Covered lives include individuals who are extendedcoveragethrough COBRA continuation. Self-insured plans that provide coverage through fully-insured and self-insured options may disregard lives that are covered solely under the fully insured option(s) under the Actual Count, Snapshot and Form 5500 Methods. As mentioned above, the taxes due apply only to plan years ending after October 1, 2012, and before October 1, 2019. Plan sponsors may use any reasonable method to determine the average number of lives covered under the plan for purposes of calculating the fee under Code Section 4376 for the 2012 plan year.

Attorneys John R. Hickman, Ashley Gillihan, Johann Lee, and Carolyn Smith provide the answers in this column. Mr. Hickman is partner in charge of the Health Benefits Practice with Alston & Bird, LLP, an Atlanta, New York, Los Angeles, Charlotte and Washington, D.C. law firm. Ashley Gillihan, Carolyn Smith and Johann Lee are members of the Health Benefits Practice. Answers are provided as general guidance on the subjects covered in the question and are not provided as legal advice to the questioner’s situation. Any legal issues should be reviewed by your legal counsel to apply the law to the particular facts of your situation. Readers are encouraged to send questions by E-MAIL to Mr. Hickman at john.hickman@alston.com. 1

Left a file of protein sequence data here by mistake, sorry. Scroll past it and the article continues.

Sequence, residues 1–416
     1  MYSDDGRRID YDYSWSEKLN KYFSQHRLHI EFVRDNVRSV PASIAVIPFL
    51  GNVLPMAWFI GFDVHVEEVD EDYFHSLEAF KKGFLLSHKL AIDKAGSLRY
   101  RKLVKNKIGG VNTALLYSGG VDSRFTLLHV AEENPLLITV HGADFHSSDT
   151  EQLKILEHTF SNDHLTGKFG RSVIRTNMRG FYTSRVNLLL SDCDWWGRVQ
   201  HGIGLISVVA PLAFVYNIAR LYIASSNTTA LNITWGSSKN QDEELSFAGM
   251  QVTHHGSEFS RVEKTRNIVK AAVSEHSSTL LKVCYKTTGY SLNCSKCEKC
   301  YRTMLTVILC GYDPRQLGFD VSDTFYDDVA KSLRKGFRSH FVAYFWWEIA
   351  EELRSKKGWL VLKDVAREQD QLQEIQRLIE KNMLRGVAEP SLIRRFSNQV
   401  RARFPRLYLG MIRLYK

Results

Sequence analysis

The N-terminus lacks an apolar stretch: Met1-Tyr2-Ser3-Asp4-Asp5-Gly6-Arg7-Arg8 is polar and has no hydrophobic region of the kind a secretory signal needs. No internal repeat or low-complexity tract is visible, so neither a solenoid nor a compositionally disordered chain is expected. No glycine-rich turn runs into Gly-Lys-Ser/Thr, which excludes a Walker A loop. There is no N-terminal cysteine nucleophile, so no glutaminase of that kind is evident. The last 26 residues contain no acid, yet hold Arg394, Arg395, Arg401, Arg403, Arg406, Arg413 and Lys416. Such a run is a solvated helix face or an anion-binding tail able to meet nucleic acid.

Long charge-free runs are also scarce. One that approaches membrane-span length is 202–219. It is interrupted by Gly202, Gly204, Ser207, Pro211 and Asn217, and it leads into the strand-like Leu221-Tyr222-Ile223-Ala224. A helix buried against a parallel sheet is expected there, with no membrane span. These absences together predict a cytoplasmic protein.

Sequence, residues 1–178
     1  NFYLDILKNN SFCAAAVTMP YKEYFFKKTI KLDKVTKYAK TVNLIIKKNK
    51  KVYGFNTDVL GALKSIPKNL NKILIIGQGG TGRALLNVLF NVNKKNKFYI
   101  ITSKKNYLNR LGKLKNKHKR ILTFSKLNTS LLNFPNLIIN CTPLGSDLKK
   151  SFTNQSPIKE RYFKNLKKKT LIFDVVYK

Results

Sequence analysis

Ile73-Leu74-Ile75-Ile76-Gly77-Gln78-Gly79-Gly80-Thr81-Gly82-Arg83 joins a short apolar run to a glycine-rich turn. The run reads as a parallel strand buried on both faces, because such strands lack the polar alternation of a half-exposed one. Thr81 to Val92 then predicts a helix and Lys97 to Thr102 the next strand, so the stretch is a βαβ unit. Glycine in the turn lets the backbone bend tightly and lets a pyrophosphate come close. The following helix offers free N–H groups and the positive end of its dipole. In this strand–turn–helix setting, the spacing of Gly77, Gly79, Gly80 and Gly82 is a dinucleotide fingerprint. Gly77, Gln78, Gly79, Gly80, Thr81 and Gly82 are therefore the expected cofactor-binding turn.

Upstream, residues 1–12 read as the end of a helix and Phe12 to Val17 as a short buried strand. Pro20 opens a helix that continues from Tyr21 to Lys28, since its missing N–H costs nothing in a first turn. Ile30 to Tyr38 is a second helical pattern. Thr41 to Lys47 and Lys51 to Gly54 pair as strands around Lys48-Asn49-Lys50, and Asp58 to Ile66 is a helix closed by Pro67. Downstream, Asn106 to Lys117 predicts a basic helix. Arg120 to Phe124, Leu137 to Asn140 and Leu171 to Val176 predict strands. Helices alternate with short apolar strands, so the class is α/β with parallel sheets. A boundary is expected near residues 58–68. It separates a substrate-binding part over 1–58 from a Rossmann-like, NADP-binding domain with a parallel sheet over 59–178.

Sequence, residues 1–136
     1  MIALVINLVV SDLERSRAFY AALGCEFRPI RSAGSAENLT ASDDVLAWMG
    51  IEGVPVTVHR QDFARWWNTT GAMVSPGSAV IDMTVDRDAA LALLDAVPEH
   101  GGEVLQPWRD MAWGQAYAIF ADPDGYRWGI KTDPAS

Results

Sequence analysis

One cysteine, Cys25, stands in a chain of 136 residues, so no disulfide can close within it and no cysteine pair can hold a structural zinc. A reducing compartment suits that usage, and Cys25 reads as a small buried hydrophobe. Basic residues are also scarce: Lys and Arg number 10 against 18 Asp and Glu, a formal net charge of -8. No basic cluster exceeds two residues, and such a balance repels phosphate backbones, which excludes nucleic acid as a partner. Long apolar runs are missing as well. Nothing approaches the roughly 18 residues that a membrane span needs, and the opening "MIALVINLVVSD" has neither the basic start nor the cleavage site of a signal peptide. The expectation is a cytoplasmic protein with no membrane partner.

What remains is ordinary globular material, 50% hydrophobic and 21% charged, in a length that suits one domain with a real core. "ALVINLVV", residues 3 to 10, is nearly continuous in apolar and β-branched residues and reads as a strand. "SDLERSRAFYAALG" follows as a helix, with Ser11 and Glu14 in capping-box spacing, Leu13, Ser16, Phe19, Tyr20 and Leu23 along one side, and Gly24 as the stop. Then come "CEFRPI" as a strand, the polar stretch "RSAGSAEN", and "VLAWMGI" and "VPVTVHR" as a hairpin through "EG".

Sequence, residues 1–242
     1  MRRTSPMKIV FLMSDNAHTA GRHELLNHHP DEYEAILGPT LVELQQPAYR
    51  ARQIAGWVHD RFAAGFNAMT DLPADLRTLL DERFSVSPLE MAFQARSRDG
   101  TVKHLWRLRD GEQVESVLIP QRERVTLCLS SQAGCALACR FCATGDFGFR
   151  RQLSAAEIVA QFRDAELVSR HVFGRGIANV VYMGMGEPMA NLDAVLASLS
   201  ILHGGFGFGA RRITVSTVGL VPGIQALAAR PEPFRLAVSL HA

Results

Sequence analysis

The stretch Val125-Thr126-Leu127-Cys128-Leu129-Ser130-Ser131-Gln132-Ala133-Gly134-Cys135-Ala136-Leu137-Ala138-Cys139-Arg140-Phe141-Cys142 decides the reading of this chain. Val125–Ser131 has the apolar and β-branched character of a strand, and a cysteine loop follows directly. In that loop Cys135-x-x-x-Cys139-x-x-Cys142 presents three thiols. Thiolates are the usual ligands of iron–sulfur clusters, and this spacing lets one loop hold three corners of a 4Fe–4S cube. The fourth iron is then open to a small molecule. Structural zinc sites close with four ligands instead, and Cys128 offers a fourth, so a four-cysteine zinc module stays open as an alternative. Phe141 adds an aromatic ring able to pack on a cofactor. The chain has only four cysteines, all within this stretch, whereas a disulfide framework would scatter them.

You can find the final regulations at www.gpo.gov/fdsys/pkg/FR-2012-12-06/pdf/2012-29325.pdf.

The guidance defines “covered lives” to mean the total number of lives insured, including dependents, at any time during the reporting period. This includes all covered lives without regard to how long the coverage lasted.

2

The guidance defines “member months” as the sum of the number of lives covered on a single day in every month.

3

Practice Pointer: Plans with a calendar year plan year will file for each year beginning with 2012 and ending in 2018, since the 2019 plan year ends after October 1, 2019.

When is payment of the CER Fee due? The Cer Fee is calculated for each calendar year, even if the policy or plan operates under a fiscal year. The CER Fee is paid by filing IRS Form 720. For purposes of paying the applicable Cer Fee, the IrS has suggested that the IrS Form 720 may not be required to be filed quarterly. Only an annual filing may be necessary. The filing is due by the July 31 immediately following the end of the policy/plan year. For example, the Cer Fee for the 2013 calendar year would be due no later than July 31, 2014. Practice Pointer: The first CER Fee for the 2012 calendar year is due by July 31, 2013. IRS is expected to update Form 720 to accommodate CER Fees in the near future. n

© Self-Insurers’ Publishing Corp. All rights reserved.